From School Library Journal
Grade 2-3-This story about sad Zero, who "felt he had no place among the other digits," falls between the cracks in terms of finding an audience. In his search for meaning, he meets Count Infinity, King Multiplus, and Queen Addeleine. The lively, colorful cartoons of legged numbers would appeal to preschoolers or kindergartners, but the vocabulary, concepts, and puns ("Absolute nine-sense. It's two much!") are beyond their understanding. There are also a few confusing lessons, such as Zero's explanation that "When I stand in this place, next to my friend 1, as a zero I can represent zero 1s. But he now represents 9 + 1." Given the art, it's unfortunate that the author didn't stick with beginner-level math instead of proceeding to tackle multiplication and place values. As it stands, most readers will either be confused or feel patronized. Stick with Alexandra Wright's Alice in Pastaland (1997) or Cindy Neuschwander's "Sir Cumference" series (both Charlesbridge) for your math-story needs.Gay Lynn Van Vleck, Henrico County Library, Glen Allen, VA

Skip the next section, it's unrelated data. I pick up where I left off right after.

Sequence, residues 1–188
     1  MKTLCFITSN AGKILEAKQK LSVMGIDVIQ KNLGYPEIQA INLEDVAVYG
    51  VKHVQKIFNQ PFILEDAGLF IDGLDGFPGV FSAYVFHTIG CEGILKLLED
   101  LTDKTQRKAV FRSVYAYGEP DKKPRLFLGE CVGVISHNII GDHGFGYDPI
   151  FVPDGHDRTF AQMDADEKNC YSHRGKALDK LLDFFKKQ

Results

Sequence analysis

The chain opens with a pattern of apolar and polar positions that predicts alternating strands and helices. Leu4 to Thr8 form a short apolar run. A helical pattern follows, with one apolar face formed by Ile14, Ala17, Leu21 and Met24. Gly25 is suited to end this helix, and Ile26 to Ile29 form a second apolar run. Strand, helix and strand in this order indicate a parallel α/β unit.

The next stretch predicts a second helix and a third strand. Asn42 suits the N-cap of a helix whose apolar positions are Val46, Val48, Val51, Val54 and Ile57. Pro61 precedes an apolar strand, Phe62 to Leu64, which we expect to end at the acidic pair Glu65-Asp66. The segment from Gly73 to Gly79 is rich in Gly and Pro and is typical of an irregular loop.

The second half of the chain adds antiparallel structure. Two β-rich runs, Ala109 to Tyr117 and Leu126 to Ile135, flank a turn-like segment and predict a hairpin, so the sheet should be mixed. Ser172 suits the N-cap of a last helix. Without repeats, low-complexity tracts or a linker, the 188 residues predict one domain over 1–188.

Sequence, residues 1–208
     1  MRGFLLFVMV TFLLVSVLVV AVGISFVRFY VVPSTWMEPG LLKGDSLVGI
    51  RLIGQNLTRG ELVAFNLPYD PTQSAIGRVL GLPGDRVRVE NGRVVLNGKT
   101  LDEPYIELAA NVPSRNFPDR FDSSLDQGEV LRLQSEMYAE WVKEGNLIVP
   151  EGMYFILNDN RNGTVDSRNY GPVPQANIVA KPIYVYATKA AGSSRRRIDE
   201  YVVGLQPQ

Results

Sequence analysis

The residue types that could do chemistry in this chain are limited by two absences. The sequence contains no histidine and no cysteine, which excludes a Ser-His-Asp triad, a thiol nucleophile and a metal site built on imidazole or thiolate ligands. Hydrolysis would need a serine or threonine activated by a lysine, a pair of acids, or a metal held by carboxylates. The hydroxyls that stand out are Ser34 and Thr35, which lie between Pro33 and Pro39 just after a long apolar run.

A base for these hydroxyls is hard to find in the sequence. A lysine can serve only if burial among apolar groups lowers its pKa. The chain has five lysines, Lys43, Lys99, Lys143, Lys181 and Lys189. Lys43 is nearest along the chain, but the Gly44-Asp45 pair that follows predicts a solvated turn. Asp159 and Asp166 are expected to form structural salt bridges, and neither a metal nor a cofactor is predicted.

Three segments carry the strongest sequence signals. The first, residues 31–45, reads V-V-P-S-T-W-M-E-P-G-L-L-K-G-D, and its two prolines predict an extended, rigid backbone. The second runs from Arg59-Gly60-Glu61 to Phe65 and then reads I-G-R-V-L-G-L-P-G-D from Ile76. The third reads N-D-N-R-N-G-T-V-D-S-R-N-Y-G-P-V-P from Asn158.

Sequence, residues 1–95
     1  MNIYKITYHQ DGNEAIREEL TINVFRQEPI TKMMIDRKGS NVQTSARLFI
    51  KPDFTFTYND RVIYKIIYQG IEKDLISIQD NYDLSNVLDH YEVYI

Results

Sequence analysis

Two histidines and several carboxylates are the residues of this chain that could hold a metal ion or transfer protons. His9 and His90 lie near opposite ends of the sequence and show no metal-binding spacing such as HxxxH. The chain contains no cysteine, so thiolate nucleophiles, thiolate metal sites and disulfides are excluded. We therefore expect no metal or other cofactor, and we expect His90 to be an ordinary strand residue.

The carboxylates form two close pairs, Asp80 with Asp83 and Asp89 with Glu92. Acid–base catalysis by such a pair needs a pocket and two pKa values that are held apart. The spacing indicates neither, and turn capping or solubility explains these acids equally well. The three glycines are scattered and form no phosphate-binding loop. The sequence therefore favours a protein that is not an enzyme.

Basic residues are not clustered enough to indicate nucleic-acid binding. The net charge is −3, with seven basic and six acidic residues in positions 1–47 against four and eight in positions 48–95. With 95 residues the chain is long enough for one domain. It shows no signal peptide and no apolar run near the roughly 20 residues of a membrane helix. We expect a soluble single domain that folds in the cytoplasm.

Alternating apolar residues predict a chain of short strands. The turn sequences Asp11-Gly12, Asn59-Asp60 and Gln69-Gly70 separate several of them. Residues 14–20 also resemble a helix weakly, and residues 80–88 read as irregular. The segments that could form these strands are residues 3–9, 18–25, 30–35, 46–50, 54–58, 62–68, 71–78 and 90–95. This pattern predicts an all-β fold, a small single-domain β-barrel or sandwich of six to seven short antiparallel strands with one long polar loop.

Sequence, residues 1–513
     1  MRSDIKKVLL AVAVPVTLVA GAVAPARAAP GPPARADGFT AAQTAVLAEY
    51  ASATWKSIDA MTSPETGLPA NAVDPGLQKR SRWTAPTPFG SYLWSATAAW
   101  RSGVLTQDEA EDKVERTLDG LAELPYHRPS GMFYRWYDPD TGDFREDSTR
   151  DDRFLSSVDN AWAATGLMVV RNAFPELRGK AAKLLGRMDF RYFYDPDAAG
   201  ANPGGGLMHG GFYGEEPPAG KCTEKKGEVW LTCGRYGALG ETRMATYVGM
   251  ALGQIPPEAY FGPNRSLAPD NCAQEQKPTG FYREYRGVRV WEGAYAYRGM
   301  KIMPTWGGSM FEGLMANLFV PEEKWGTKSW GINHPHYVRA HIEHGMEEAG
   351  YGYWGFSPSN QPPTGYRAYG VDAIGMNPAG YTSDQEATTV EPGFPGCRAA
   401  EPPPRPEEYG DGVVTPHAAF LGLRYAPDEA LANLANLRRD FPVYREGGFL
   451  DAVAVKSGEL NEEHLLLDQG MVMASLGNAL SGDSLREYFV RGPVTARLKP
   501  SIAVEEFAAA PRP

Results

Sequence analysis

Copyright 2003 Reed Business Information, Inc.
--This text refers to an out of print or unavailable edition of this title.
About the Author
A native New Yorker, Angeline Sparagna LoPresti taught math to second through eighth graders for twenty-five years. Prior to her teaching career, she was a medical research assistant at the Department of Bacteriology at Cornell University Medical School. Now retired, Mrs. LoPresti occupies her leisure time with indoor gardening, reading, cooking, and photography.
Phyllis Hornung graduated from the Columbus College of Art & Design with a degree in illustration. She currently resides in Los Angeles where she spends most of her time drawing and painting. When she's not hard at work painting, she can be found browsing bookstores, reading, watching movies, or playing video games.